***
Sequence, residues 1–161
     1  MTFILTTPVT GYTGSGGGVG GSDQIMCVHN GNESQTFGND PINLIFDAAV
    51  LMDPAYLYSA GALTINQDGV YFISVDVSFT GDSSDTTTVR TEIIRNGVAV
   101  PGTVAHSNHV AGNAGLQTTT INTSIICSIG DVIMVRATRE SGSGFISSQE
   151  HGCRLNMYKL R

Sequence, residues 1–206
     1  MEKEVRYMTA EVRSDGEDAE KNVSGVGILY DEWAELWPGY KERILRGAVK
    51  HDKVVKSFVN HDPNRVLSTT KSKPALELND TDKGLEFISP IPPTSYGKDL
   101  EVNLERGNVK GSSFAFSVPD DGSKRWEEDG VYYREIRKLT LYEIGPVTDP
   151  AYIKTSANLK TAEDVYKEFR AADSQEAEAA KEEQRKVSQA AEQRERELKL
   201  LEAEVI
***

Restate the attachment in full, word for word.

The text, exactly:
Sequence, residues 1–161
     1  MTFILTTPVT GYTGSGGGVG GSDQIMCVHN GNESQTFGND PINLIFDAAV
    51  LMDPAYLYSA GALTINQDGV YFISVDVSFT GDSSDTTTVR TEIIRNGVAV
   101  PGTVAHSNHV AGNAGLQTTT INTSIICSIG DVIMVRATRE SGSGFISSQE
   151  HGCRLNMYKL R

Sequence, residues 1–206
     1  MEKEVRYMTA EVRSDGEDAE KNVSGVGILY DEWAELWPGY KERILRGAVK
    51  HDKVVKSFVN HDPNRVLSTT KSKPALELND TDKGLEFISP IPPTSYGKDL
   101  EVNLERGNVK GSSFAFSVPD DGSKRWEEDG VYYREIRKLT LYEIGPVTDP
   151  AYIKTSANLK TAEDVYKEFR AADSQEAEAA KEEQRKVSQA AEQRERELKL
   201  LEAEVI